Breast Cancer Mortality Linked to Socioeconomic Status and Screening
Breast cancer patients with locally advanced, ER-positive tumors who attend cancer screening and live in zip codes with higher levels of educational attainment have better survival, according to a study published October 29, 2021, in JAMA Open Network.
“By linking SEER-Medicare data to physical tumor specimens, additional connections may be revealed among biology, access to health care, and disparities in breast cancer outcomes. The findings of this population-based cohort study suggest that tumor screening and socioeconomic status are associated with survival in patients who have locally advanced, ER-positive tumors, even when clinical and genomic factors are incorporated,” wrote the team, led by led by Timothy Robinson, Ph.D., from the H. Lee Moffitt Cancer Center in Tampa, FL.
One of the limitations of the study, which used data from populations in Hawaii and Iowa, was that it was “unable to be used to analyze representative numbers of Black women. However, the creation of a more racially diverse study cohort is a priority and a topic of active future investigation due to known associations between race and breast tumor biology and molecular subtype,” wrote the researchers.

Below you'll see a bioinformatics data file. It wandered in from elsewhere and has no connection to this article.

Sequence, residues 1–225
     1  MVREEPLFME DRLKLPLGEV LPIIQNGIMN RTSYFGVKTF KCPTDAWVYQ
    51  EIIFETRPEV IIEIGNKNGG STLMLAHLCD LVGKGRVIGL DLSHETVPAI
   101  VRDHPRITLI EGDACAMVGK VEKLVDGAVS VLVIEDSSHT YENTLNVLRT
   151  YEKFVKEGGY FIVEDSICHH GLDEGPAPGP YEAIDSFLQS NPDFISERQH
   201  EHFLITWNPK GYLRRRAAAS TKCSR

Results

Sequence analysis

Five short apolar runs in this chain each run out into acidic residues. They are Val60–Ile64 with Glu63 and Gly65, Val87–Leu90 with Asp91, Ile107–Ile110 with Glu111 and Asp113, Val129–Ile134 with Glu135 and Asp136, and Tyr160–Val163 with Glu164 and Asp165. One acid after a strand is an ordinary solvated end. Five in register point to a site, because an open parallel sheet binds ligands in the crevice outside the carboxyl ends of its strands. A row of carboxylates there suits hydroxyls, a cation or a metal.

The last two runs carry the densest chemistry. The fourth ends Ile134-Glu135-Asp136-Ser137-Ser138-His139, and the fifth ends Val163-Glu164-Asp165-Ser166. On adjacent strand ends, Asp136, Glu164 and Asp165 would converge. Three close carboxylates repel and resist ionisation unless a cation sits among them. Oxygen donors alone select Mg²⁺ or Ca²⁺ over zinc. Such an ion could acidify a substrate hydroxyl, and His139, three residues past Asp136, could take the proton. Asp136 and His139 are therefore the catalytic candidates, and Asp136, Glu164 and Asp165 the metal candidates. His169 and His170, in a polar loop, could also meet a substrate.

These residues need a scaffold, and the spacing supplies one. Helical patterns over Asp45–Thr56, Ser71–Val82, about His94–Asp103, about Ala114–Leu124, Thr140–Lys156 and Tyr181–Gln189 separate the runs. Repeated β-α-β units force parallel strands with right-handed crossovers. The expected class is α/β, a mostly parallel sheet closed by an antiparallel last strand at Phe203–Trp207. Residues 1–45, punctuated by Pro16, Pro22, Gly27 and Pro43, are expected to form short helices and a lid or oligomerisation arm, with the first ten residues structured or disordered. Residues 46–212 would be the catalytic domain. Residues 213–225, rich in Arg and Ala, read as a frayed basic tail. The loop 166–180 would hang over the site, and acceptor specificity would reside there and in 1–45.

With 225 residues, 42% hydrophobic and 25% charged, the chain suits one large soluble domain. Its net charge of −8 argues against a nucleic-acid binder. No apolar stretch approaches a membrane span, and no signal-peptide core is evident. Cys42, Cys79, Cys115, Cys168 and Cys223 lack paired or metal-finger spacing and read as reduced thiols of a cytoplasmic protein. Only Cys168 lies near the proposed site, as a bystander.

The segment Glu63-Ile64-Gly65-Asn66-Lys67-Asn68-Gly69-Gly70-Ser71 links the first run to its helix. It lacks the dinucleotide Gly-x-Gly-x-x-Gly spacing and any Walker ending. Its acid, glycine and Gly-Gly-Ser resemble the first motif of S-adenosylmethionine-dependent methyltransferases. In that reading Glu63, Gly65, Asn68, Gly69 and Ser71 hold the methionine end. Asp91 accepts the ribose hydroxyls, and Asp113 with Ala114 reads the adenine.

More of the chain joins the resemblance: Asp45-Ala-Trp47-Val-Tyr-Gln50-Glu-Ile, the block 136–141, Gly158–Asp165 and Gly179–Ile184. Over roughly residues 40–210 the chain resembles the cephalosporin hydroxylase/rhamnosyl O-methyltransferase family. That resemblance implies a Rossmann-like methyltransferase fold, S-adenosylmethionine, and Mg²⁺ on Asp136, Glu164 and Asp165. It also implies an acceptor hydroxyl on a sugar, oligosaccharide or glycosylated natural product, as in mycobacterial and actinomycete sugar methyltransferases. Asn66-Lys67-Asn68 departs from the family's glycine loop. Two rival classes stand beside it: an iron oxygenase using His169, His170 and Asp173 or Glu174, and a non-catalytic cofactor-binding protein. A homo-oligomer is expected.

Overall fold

“Although the team didn’t directly investigate any potential interventions, co-author Michaela Dinan, PhD, from Yale University said the study highlights that socioeconomic disparities in breast cancer outcomes remain even after all other factors have been considered.
“‘In other words, clinicians should be aware that patients from resource-poor neighborhoods may be at risk for worse outcomes and keep this in mind during the course of patient care so as to hopefully help level the playing field,’ she told AuntMinnie.com,” reported Allegretto.
Robinson TJ, Wilson LE, Marcom PK, et al. Analysis of Sociodemographic, Clinical, and Genomic Factors Associated With Breast Cancer Mortality in the Linked Surveillance, Epidemiology, and End Results and Medicare Database. JAMA Netw Open. 2021;4(10):e2131020. doi:10.1001/jamanetworkopen.2021.31020. Published online October 29, 2021, at https://jamanetwork.com/journals/jamanetworkopen/fullarticle/2785595. Accessed November 15, 2021.